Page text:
It doesn't pay as well as being Apple's
According to recent SEC filings, the iconic e-tailer's founder and CEO took home a modest base salary of $81,840 last year, which is the same amount of bacon he's brought home for the past three years. But in addition to that, he received $1.6 million in "all other compensation," which primary consists of security costs for Bezos at business facilities and for business travel.
Bezos also received no extra compensation as a board director, got no additional stock awards, and also has no outstanding unvested equity awards. In the grand scheme of things, that's a fairly modest pay package for the CEO of an $85 billion tech company.
What else does Bezos have, though? Nearly 88 million shares of Amazon, or 19.5% of the entire company. Based on last Friday's closing price of around $188, we're talking about a $16.6 billion position.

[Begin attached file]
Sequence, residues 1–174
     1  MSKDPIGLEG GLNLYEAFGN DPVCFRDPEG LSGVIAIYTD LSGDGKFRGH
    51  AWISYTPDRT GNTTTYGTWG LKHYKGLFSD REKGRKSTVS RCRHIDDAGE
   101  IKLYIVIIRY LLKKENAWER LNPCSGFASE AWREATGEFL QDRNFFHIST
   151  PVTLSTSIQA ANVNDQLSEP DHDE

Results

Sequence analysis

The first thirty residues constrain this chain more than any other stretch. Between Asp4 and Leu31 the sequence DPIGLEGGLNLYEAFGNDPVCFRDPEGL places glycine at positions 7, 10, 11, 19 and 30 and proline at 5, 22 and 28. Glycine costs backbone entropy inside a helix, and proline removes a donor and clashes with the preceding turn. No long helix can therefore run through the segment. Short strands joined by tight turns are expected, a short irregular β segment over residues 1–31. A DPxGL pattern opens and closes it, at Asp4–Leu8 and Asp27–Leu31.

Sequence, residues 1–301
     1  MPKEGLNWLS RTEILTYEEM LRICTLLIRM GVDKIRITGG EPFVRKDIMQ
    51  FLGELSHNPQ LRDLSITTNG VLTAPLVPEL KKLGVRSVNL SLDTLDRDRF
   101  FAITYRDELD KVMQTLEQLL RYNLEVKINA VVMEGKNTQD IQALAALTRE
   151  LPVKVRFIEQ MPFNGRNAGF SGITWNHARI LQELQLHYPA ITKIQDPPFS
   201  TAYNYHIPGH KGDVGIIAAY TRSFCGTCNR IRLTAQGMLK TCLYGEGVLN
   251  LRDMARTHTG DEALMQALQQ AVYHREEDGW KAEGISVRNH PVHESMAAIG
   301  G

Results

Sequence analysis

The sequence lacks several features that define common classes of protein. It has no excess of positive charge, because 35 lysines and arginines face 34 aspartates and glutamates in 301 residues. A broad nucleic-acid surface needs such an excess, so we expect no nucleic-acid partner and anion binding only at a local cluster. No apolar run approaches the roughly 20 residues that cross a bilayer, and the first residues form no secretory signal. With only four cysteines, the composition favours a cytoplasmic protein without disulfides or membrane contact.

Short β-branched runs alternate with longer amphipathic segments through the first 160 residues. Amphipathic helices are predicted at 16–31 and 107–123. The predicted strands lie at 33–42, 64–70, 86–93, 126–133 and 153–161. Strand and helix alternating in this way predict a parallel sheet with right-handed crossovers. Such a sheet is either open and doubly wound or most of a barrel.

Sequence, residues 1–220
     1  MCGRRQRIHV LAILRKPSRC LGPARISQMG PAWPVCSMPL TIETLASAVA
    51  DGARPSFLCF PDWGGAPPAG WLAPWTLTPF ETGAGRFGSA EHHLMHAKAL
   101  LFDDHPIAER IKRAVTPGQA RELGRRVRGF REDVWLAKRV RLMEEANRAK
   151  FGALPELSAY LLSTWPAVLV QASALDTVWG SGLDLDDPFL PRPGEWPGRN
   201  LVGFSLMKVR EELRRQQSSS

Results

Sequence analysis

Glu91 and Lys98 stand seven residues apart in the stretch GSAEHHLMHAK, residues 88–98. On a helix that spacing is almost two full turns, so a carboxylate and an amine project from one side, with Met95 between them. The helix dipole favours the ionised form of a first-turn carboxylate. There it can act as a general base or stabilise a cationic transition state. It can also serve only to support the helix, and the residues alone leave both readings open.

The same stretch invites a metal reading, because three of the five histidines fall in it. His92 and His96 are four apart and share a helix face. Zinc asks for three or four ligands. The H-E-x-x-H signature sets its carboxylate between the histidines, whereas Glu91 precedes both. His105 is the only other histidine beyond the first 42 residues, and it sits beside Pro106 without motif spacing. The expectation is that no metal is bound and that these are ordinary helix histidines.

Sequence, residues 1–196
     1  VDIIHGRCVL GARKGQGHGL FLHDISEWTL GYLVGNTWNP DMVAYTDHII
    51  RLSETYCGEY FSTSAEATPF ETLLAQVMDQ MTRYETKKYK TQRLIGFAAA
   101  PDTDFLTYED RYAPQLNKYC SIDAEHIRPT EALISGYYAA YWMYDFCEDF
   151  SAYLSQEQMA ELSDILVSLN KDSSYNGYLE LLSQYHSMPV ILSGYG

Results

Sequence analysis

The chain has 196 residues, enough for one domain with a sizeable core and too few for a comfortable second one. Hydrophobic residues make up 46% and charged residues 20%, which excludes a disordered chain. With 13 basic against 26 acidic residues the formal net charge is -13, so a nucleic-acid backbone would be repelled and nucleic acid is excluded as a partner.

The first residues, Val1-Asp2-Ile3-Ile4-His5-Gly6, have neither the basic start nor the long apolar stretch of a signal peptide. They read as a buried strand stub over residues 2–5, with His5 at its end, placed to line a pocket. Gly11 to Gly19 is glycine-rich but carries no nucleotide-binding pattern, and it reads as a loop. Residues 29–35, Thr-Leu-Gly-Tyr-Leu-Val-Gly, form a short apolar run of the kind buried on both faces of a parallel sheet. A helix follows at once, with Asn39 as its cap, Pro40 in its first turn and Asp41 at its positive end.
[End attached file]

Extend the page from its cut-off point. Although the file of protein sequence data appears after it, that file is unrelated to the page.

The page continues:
Like I said: Bezos is doing just fine.
Founders and co-founders are typically willing to take home less in cash and stock compensation because they usually already have a sizable stake in the companies they started. On top of that, they have something else invested that's invaluable: pride.
For example, Whole Foods Market
That adds some context to Apple CEO Tim Cook's 2011 pay package of $378 million, although the bulk of that amount was related to the 1 million restricted stock units, or RSUs, he received upon Steve Jobs' resignation. Not including those golden handcuffs (which are now valued near $600 million), Cook took home cash compensation of $1.8 million. Cook has a total of 1.36 million unvested RSUs.
With an estimated total net worth of $18.4 billion and the bulk of that from his Amazon shares, Bezos can say his interests are squarely in line with shareholders'.
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